Peer Taiji Rouliqiu Coaching in the Park
If you know the name of the physical activity this man is doing, please let me know. It looked very challenging but meditative, as the object he is spinning around on the rope makes a pleasant humming type noise. Thanks in advance!

I don't know what this is called but it looks fun!

In the US when I drive past parks, I rarely see ANYONE using them, let alone groups of older adults!  With an aging US population, growing obesity rates, and unused green space, it seems to me market and opportunity exist for someone to seize.

Paying Youth Athletes for Performance

A colleague forwarded me an e-news from sports-media.org that contained an article titled Cash For Goals in Youth Soccer: Adults Gone Wild. When I give parent education clinics as part of a research-based educational program I helped develop called Parents Learning About Youth Sports (PLAYS), I always include a brief section about paying children for performing.

Why is it brief?

Because the take home message for sport parents is this: NEVER pay your child for scoring goals, winning matches, or accomplishing some performance standard…NEVER. Just don’t do it.

The sports-media.org piece gets at some of reasons why this is not a good practice, but I’d like to elaborate.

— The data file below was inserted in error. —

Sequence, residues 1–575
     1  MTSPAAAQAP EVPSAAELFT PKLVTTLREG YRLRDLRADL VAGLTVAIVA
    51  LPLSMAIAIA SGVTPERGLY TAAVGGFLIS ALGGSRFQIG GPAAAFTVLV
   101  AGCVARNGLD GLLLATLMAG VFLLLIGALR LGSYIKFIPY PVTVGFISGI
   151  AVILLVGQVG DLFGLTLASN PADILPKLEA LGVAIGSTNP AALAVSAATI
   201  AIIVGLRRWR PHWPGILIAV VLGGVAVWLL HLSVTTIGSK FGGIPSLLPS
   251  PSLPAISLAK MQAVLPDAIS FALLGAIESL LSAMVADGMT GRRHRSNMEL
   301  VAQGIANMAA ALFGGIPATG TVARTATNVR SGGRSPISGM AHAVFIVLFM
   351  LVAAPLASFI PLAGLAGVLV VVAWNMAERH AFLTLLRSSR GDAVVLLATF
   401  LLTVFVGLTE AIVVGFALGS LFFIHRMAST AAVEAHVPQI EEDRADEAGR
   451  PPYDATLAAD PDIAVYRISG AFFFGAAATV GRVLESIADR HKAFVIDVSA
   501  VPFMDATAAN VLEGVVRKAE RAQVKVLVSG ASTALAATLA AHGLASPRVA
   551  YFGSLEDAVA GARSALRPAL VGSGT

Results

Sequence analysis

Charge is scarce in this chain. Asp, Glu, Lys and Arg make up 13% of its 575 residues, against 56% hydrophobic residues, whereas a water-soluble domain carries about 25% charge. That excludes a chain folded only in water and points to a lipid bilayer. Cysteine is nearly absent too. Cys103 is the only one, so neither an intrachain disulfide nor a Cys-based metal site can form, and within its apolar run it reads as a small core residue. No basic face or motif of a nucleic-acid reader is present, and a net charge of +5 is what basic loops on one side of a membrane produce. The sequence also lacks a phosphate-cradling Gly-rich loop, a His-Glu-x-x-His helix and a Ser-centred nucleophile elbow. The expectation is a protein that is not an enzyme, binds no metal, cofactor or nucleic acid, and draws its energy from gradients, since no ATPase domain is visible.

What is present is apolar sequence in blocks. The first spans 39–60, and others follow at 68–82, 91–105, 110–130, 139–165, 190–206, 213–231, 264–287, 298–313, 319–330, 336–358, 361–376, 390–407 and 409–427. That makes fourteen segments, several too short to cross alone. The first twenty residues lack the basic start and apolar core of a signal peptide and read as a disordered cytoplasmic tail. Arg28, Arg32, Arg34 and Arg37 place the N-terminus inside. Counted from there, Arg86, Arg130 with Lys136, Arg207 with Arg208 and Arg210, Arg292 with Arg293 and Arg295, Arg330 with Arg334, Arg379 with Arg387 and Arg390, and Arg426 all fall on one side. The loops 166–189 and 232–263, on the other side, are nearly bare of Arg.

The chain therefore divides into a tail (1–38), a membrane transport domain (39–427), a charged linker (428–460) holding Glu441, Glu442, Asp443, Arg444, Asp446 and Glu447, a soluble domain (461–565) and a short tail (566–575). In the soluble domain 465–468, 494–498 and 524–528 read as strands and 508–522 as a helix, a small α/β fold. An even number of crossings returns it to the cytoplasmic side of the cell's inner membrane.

Researchers have demonstrated that giving extrinsic rewards (like $$) for an activity that is already inherently fun and enjoyable (like sports), can undermine intrinsic motivation. We want kids to play sports and be physically active because they love it, its fun, they meet friends, learn new skills, enjoy competition and thrive on striving to be the best they can be. If adults offer monetary rewards for scoring goals, the primary focus is on scoring goals and success is defined in terms of scoring goals…not because sport is fun and enjoyable. The classic studies around this phenomena involve collegiate athletes who obtain an athletic scholarship. Many collegiate athletes are good at their sport because they love it, but some play only in hopes of obtaining a full-ride. For some of the very few who actually do obtain an athletic scholarship (and the odds are VERY low according to the NCAA), they often face diminishing intrinsic motivation. They’ve worked so long and hard to get the scholarship, and that is how success was defined, that once they get the scholarship, sport has no meaning and is no longer is enjoyable. I’ve seen this far too often with collegiate athletes in my classes.

When intrinsic motivation doesn’t exist or is undermined by adults, athletes will more likely to experience anxiety, burnout and dropout, and will also experience less enjoyment, satisfaction, well-being and optimal performance, and positive development.

If you want to read on your own about the self-determination theory, and learn about the complexities pertaining to why paying youth athletes is a terrible idea, I encourage you to go here.

What should parents do to foster intrinsic motivation, instead of paying their child-athlete?

Based on the evidence, I suggest a few simple things as a starting point:

  • attend the event and look like you are engaged (i.e., don’t read the paper or talk on your cell phone)
  • cheer only when someone does something good & cheer for everyone’s children, not just your own
  • refrain from yelling instructions or “coaching” from the sidelines
  • offer unconditional care, regardless of the outcome or the performance